Ignoring the guidance afforded by the Ninth Circuit that at least this Court is obligated to follow, EO-3 suffers from precisely the same maladies as its predecessor: it lacks sufficient findings that the entry of more than 150 million nationals from six specified countries would be “detrimental to the interests of the United States,” a precondition that the Ninth Circuit determined must be satisfied before the Executive may properly invoke Section 1182(f). Hawaii, 859 F.3d at 774. And EO-3 plainly discriminates based on nationality in the manner that the Ninth Circuit has found antithetical to both Section 1152(a) and the founding principles of this Nation. Hawaii, 859 F.3d at 776–79.
As with the 9th Circuit's earlier decision (see prior posting), this approach allowed the court to avoid reaching plaintiff's argument that the Proclamation amounts to an unconstitutional "Muslim ban."  Anticipating an appeal, the court also ruled that it would not stay its Order pending any appeal.  CNN reports on the decision.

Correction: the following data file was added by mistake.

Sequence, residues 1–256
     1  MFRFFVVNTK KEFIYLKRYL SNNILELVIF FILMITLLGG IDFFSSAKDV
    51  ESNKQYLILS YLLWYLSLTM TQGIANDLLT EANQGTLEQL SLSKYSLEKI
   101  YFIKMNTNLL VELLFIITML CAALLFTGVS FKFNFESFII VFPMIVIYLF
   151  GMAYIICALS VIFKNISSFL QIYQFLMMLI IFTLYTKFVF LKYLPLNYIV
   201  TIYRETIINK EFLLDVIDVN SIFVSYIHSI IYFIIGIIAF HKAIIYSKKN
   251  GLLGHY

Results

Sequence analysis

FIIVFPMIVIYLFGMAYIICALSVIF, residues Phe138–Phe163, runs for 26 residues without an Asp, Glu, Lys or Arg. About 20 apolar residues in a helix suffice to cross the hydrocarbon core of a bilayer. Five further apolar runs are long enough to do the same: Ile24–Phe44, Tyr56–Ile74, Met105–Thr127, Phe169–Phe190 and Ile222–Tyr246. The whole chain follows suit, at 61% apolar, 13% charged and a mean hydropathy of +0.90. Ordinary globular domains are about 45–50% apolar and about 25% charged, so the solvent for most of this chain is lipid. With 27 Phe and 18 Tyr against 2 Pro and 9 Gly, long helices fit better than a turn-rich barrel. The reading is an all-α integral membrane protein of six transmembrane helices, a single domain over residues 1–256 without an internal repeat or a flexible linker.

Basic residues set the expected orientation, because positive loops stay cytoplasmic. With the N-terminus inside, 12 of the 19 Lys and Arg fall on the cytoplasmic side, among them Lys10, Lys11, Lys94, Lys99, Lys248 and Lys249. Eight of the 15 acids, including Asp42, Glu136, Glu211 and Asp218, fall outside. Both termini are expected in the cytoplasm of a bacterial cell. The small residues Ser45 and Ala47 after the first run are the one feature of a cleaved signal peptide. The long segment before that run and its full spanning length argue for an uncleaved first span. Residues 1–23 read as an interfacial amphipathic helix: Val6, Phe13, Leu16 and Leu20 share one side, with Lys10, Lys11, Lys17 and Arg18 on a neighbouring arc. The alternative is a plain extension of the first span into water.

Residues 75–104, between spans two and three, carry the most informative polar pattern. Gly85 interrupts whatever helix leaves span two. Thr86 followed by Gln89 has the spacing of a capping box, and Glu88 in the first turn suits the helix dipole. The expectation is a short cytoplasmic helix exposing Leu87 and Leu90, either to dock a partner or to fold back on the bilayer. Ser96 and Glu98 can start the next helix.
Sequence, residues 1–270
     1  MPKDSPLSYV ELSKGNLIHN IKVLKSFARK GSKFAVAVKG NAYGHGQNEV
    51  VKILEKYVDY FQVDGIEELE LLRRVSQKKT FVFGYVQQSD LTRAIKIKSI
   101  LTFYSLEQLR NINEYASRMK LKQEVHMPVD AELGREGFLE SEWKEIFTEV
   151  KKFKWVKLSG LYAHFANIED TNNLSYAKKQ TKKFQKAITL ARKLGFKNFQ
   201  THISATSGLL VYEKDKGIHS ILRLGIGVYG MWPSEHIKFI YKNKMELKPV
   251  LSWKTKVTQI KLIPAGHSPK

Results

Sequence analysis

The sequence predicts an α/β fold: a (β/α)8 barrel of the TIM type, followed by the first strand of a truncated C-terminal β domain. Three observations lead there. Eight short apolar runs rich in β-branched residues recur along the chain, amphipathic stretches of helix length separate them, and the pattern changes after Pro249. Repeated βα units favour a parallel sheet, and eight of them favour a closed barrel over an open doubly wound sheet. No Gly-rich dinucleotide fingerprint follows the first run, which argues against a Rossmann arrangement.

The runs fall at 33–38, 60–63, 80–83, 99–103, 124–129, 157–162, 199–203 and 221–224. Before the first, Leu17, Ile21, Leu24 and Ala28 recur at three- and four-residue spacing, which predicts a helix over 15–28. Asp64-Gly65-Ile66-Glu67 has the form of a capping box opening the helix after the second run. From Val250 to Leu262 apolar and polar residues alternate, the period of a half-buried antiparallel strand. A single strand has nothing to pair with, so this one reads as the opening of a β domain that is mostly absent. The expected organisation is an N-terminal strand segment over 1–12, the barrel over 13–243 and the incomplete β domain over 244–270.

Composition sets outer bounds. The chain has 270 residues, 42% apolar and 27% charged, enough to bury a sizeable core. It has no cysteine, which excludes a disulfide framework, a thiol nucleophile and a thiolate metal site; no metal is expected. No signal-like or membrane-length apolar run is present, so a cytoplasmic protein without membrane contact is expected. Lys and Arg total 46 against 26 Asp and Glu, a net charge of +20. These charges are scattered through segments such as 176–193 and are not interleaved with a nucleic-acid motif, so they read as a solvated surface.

Israeli Court Fines Online "Jews-Only" Job Site

In Israel yesterday a Jerusalem trial court fined the online "Jewish Job List" NIS 40,000 ($11,371) for violating employment discrimination laws.  The site which lists jobs for employers who want to only hire Jews was found by the court to violate Israeli laws against employment discrimination on the basis of nationality or religion.  According to a report on the case in Hamodia:
The lawsuit received backing from the official government ombudsman for equality in the Labor Ministry, who said in a statement to the court that attempts to persuade the public to hire Jews, and not to hire Arabs, is “a serious violation of civil rights. The message is clear that promoting this kind of discrimination is against the values of the State of Israel, and removing this will be another step in providing an equal-opportunity job market,” he added.

California Governor Vetoes Expanded Labor Protections For Employees of Religious Organizations

On Oct. 15, California Governor Jerry Brown vetoed AB-569 (full text of bill) that would have expanded the employees who are protected against dismissal for their reproductive health choices.  The bill provides in part: